Questions facing jury in Charlottesville civil trial of white nationalists

The federal courthouse in Charlottesville, Virginia, is seen in this Nov. 19, 2021 photo. (WTOP/Neal Augenstein)

Jurors in a federal courthouse in Charlottesville, Virginia, have a lot of questions to answer when they deliberate in the civil trial against organizers of the violent 2017 Unite the Right Rally.

Nine people who allege they suffered physical harm and emotional distress during Aug. 11 and 12, 2017, when white nationalists, white supremacists and neo-Nazis descended on Charlottesville, filed a lawsuit against rally organizers.



The initial question facing jurors: Did the white supremacists and hate groups conspire to commit racially motivated violence in Charlottesville.

Many of the defendants are already serving jail and prison terms for crimes committed during the weekend, including James Alex Fields Jr., who is serving life in prison for driving his Dodge Challenger into a group of counterprotesters, killing Heather Heyer and injuring dozens more.

The procedures and burdens in a civil trial are different from a criminal trial. In a criminal trial, a jury must unanimously determine that a defendant is guilty beyond a reasonable doubt.

”For this case, which is civil, the question isn’t about guilt — it’s called liability,” said Carl Tobias, professor at University of Richmond School of Law.

”And, the plaintiff has to prove the case by a preponderance of the evidence — that is 51%,” said Tobias.

The plaintiffs include four people who sustained serious physical injuries, and five who were emotionally traumatized by the event, including counterprotesters and Charlottesville residents.

”What plaintiffs are seeking is damages for the harm done to them,” Tobias said.

The first question facing jurors: “Is liability to be imposed, and on whom is it to be imposed,” Tobias said. “Will it be on all of the defendants, or some of the defendants.”

In a multipart question on a civil jury verdict sheet: “Then the question comes as to damages, and how much should that be,” Tobias said.

During closing arguments, Roberta Kaplan, a lawyer for the plaintiffs, suggested a range of $7 million to $10 million for each of the four plaintiffs who were injured in the car attack, and $3 million to $5 million for plaintiffs injured in street clashes or those emotionally injured by witnessing the violence.

Kaplan said the awards would be for compensatory damages, or “pain and suffering.” Jurors also are able to impose punitive damages, to penalize the defendants.

During the trial and closing arguments, defendants in some cases blamed each other, attempting to minimize their role and liability. Some defendants said they were engaging in Constitutionally-protected hate speech — others said their bluster was a joke.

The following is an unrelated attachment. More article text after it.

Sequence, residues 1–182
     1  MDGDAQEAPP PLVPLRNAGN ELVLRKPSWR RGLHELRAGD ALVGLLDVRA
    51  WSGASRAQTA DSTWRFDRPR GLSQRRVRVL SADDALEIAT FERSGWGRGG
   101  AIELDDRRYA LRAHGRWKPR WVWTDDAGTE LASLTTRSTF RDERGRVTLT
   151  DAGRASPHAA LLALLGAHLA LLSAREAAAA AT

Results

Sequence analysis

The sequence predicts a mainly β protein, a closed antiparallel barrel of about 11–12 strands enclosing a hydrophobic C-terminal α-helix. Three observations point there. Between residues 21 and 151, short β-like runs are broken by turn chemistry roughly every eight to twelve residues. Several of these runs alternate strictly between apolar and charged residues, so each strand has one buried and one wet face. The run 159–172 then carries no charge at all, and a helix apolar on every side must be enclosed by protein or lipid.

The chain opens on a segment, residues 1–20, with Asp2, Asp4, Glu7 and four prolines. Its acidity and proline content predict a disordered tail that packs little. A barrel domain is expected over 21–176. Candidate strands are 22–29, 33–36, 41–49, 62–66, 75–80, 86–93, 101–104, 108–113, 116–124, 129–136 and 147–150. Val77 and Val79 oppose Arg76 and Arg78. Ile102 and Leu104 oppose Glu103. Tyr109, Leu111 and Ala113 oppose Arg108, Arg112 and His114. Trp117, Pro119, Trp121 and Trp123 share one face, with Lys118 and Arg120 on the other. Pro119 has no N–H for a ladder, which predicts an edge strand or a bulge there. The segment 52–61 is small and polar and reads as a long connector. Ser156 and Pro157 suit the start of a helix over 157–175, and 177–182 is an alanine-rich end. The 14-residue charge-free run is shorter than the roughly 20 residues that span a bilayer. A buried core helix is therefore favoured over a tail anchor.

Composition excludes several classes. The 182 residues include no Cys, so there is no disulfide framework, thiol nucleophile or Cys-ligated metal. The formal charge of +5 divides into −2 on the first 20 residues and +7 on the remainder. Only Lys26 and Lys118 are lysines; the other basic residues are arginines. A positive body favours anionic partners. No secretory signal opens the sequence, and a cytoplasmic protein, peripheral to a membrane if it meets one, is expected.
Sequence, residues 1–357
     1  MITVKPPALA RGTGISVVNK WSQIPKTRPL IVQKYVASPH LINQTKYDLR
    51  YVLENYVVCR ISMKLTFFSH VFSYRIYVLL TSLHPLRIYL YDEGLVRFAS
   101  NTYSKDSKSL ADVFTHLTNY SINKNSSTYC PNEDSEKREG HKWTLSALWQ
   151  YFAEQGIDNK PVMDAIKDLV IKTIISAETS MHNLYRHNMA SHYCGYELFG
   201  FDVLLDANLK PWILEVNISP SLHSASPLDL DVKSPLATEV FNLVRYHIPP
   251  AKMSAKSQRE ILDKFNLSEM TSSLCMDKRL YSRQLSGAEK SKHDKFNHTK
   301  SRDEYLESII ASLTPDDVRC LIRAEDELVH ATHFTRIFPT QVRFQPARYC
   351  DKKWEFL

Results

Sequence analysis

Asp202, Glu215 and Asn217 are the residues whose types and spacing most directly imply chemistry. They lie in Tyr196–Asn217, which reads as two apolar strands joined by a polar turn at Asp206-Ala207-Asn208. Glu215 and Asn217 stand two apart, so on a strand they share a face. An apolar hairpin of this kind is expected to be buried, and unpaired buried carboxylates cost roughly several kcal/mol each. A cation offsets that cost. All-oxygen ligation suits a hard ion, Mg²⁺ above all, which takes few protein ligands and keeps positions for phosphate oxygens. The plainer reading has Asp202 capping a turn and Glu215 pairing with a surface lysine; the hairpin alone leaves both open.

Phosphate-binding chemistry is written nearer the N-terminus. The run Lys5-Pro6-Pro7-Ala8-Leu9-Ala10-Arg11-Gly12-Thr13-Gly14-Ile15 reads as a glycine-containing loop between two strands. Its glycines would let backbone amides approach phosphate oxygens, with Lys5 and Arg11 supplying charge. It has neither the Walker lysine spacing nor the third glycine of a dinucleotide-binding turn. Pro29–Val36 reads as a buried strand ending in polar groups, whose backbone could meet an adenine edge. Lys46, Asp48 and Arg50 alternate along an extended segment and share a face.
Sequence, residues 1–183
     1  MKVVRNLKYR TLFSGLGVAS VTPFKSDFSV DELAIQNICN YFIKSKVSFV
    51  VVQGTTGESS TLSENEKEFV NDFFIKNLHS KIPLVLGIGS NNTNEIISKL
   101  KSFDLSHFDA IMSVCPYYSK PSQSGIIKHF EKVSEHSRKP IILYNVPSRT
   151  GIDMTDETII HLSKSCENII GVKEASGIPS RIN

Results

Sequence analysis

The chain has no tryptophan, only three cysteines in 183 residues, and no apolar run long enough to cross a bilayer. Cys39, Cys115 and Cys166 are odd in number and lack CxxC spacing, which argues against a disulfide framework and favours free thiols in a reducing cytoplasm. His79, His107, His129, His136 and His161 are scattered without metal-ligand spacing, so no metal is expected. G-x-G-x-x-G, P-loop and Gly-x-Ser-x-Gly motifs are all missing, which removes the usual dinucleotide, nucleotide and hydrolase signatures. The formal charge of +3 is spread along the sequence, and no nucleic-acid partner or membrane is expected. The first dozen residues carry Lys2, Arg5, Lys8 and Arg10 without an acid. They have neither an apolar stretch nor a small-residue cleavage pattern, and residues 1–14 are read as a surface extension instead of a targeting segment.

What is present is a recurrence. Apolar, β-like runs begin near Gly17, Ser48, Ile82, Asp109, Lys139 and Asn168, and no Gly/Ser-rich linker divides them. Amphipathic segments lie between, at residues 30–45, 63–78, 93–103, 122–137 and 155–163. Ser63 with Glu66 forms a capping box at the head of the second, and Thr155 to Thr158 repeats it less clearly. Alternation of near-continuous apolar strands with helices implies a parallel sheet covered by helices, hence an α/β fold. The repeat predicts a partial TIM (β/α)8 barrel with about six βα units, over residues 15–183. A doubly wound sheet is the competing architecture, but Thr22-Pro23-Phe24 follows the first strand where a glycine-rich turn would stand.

Lawyers for the plaintiffs suggested there was plenty of blame to go around.

“We sued the people who were responsible — the leaders, the promoters, the group leaders, the people who brought the army, the people who were the most violent members of the army,” said Karen Dunn, another attorney for the plaintiffs. “Those are the people who we ask you to hold accountable today.”

After determining liability and damages to be awarded, Tobias said U.S. District Court Judge Norman Moon will likely ask jurors to determine how much each defendant should pay.

”The questions — what was their role in organizing, what was their connection to the injuries, and how much did they contribute to causing the injuries to each plaintiff,” Tobias said.

”Or, the court might just say, ‘Let’s divide it equally among that number of defendants, so that the plaintiff is going to be made whole,’” he said.

In addition to Fields, the defendants include Jason Kessler, the lead organizer of the Unite the Right Rally, and Richard Spencer, who spoke at the rally, and coined the term “alt-right.”

In his closing argument, Fields’ lawyer David Campbell said his client committed racially motivated violence in Charlottesville, but said he was not part of the conspiracy. Campbell said financially punishing his client would accomplish little, since he is already spending life in prison.

“Maybe the jury will find that some had such a tiny percentage [of involvement in the conspiracy], so they shouldn’t have many damages imposed on them — and then others will pick up a larger percentage,” said Tobias.

The Associated Press contributed to this report.

Neal Augenstein

Neal Augenstein has been a reporter at WTOP since 1997. Through the years, Neal has covered many of the crimes and trials that have gripped the region. Neal's been pleased to receive awards over the years for hard news, feature reporting, use of sound and sports.

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